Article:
How to Succeed in the IDELT Online (TEFL course) While Working Full-Time< Back to the TEFL News
This article was written by IDELTOnline graduate, Michelle McCrossin.
Before starting the International Diploma in English Language Teaching, a graduate-level online TEFL course, I was nervous about the workload. I was also nervous about how challenging the course would be, and about motivating myself throughout my first online course while working over 40 hours a week as a manager at a Sherwin Williams store.
Looking back now that I’ve graduated, there were certain techniques that worked to keep me motivated and spread out my workload. Here are my “dos and don’ts” for taking a course like the Bridge IDELTOnline while working full time:
Make attainable deadlines to break up the workload.
Make attainable and realistic due dates for breaking up the workload, and make these due dates separate from your teacher’s weekly due dates. Do not think you will be able to somehow squeeze work in or just skim the chapters because you are running out of time. It is really hard to do. For example, if your essay responses are due by Sunday at midnight, have a separate deadline earlier in the week for the reading that contributes to those essays (such as every Tuesday night— be consistent).
Focus on how the course is going to work best for you, not how it looks like it is working for others.
The IDELT course is interactive, so you’ll be able to see what other students in the course are contributing. Don’t get discouraged by what everyone else is doing. Some of your classmates will have more time than you and more experience with this industry than you. Observe others’ contributions and learn from their knowledge and point of view, but do not compare how quick or thorough they are at doing their work. At first, I found I did this a lot with my own work and felt I was the slowest one in the class because everyone was getting so much work done so quickly and answering each others’ responses very promptly. Remember it is self-paced during each unit, and this course is meant for your flexibility! You are being just as successful if you are going your own speed!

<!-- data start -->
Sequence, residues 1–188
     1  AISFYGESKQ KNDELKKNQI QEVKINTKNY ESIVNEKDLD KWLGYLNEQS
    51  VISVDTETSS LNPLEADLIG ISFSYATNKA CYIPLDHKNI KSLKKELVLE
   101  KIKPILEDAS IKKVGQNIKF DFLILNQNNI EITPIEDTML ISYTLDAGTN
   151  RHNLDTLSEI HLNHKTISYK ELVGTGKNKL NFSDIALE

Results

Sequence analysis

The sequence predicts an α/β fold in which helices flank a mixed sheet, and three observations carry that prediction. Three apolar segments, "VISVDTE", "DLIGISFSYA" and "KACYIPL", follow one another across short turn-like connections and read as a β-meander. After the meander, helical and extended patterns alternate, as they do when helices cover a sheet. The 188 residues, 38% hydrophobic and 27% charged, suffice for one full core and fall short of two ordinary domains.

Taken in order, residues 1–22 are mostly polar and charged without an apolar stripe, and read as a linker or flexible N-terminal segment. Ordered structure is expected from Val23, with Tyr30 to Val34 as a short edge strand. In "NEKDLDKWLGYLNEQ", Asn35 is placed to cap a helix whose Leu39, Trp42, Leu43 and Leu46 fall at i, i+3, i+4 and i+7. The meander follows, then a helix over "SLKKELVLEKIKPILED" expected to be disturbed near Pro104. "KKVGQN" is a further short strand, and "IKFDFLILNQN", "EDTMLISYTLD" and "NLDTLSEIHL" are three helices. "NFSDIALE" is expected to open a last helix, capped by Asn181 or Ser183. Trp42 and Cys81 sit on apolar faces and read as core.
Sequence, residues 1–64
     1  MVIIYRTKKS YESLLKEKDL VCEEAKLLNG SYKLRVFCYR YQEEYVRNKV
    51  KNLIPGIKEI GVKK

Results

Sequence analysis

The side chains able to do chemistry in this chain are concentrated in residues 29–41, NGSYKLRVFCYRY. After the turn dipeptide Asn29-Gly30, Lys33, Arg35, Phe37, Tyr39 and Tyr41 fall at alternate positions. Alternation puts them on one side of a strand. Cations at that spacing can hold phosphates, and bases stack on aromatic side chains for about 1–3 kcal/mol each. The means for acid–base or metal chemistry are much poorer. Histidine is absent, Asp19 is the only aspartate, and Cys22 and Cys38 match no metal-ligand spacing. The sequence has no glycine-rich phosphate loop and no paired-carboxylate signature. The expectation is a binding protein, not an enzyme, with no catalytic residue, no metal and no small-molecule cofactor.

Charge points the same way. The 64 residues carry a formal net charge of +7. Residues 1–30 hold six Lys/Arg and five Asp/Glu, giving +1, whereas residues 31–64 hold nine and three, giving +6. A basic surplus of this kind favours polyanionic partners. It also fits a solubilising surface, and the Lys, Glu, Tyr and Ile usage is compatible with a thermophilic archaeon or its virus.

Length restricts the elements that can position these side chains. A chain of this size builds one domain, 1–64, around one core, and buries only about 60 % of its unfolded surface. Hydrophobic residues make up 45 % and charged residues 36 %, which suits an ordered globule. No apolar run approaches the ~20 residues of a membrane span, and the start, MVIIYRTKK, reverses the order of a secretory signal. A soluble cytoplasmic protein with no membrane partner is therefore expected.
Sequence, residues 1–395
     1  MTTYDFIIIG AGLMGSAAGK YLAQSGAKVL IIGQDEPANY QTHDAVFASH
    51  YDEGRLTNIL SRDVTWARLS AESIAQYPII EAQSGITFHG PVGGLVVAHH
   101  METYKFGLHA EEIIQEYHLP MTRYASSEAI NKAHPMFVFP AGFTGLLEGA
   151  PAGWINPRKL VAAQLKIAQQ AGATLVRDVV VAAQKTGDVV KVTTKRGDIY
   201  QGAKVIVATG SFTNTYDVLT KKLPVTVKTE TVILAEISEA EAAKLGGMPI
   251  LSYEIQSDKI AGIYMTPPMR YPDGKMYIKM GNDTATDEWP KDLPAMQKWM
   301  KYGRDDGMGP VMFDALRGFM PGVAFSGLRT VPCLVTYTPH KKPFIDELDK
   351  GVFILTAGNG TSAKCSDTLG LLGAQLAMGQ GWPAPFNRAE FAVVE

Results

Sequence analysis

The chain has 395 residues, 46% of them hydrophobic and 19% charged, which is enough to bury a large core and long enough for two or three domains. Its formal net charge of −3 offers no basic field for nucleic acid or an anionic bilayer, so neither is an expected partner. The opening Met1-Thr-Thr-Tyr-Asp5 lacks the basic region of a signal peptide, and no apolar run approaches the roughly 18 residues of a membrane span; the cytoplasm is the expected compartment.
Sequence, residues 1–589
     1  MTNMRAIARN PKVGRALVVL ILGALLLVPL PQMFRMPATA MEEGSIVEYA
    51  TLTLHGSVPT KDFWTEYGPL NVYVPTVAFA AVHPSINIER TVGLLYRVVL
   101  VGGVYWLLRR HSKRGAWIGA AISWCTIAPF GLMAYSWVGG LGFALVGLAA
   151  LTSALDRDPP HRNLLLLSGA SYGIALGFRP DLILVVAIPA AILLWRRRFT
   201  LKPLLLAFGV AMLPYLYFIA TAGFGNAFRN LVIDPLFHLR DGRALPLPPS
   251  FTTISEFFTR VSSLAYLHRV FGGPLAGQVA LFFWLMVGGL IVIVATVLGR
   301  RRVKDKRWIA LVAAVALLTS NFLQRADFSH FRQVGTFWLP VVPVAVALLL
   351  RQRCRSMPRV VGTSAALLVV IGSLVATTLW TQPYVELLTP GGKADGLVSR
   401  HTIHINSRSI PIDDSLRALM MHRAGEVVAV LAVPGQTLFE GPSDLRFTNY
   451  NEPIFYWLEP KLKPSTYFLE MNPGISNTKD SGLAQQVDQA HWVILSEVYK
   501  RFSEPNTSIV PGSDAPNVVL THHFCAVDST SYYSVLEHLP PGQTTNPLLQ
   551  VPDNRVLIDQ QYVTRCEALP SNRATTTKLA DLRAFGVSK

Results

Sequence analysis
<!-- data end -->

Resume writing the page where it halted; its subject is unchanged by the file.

Don’t stop doing your other hobbies.
Don’t stop your life and hobbies to make extra time for this course. Keep all of your other hobbies the same. The more I was doing, the better I was at managing my time. It is good to reward yourself with your fun hobbies and accomplish school at the same time. It is a healthy balance even if your schedule is packed. Keeping a tight schedule puts more pressure on those self-imposed deadlines you are going to make and keeps your life the same as it was before the start of the course. On the other hand, taking out hobbies leaves you with more downtime, which can cause laziness and lack of focus (this happens to me).
Which brings me to a little example: I am currently taking a Bridge Specialized Certificate, which is a self-study course with less teacher interaction than the IDELT and no teacher deadlines. I have to rely fully on the deadlines I create for myself. After I finished my IDELT course, I took some time off and slowed down my other hobbies. Now I have found it so hard to make headway in my new course with more free time. I am less motivated. I know that creating a more motivating, consistent schedule (with less pointless down time-more motivating hobbies) will help me through this course.
Finally, use your resources (teachers and classmates) and BE CONSISTENT. Find what works for you and stick to it.
I cannot stress how important consistency is to the success of this course when you have a full schedule. I do not have the same work shift every weekday and I also work weekends. I had to create a schedule that was consistent even when my work life was not. Just like I brush my teeth twice a day, when I was taking the IDELT, I read my chapters on Tuesday and Wednesday nights before I went to sleep. It is a time I am always available and it is a time I could rely on to finish part of my workload.
June 9, 2016